(Reuters) - Mining heavyweight BHP said on Thursday a federal court in the Brazilian state of Minas Gerais approved an agreement between miner Samarco and Brazil authorities, marking a milestone in the legal battle over a deadly 2015 dam failure.
A 20 billion reais ($5.3 billion) lawsuit against Samarco, which is a joint venture of BHP and Vale SA, was quashed by the accord, which was signed in June. An even more expansive lawsuit was also suspended under the agreement.
The company said it had separately agreed to pay $50 million as part of a settlement for a class-action complaint filed by American depositary receipt (ADR) holders over the disaster.
Bryan Quinn, BHP’s head of non-operated joint ventures, said in an interview in Sao Paulo that the deal “creates a more stable legal and institutional environment for ongoing work and negotiations.”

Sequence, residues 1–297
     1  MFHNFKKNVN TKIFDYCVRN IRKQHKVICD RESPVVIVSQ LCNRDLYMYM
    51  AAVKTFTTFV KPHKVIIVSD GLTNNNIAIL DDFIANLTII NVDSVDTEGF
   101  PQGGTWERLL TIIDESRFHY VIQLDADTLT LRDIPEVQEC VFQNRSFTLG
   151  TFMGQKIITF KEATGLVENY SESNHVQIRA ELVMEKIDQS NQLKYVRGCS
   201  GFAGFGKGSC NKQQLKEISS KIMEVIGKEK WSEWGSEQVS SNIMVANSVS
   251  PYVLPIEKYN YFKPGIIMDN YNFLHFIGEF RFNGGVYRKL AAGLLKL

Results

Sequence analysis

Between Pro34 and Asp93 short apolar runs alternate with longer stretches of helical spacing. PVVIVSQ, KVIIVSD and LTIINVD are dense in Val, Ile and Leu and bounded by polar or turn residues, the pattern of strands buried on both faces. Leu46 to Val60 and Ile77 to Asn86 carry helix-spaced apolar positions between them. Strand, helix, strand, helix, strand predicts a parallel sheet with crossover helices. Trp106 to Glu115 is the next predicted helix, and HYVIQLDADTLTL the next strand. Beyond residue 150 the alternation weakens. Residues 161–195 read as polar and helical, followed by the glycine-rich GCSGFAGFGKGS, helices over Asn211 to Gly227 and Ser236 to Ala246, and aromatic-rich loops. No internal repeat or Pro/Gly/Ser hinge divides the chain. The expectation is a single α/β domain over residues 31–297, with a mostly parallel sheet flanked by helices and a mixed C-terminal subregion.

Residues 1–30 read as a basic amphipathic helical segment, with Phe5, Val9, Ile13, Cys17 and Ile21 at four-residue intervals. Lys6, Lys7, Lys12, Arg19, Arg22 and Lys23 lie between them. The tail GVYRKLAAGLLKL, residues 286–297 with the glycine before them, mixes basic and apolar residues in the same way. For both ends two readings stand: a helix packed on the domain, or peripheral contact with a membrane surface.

“There is still a lot of work to do and a long way to go on many fronts,” he added. “We now have even more stakeholders involved than in the past, which is positive, but it also means that activity doesn’t always move as quickly as we would like.”
Samarco told Reuters in a statement on Tuesday that next year it expects to obtain licenses needed to resume operations.
Operations have been paralyzed for nearly three years since a dam holding back waste at the mine burst, killing 19 people and leaving a trail of destruction for hundreds of kilometers.
BHP still faces a class action in Australia over the dam’s failure.
Reporting by Ambar Warrick in Bengaluru; additional reporting by Marta Nogueira and Brad Haynes in Sao Paulo, editing by G Crosse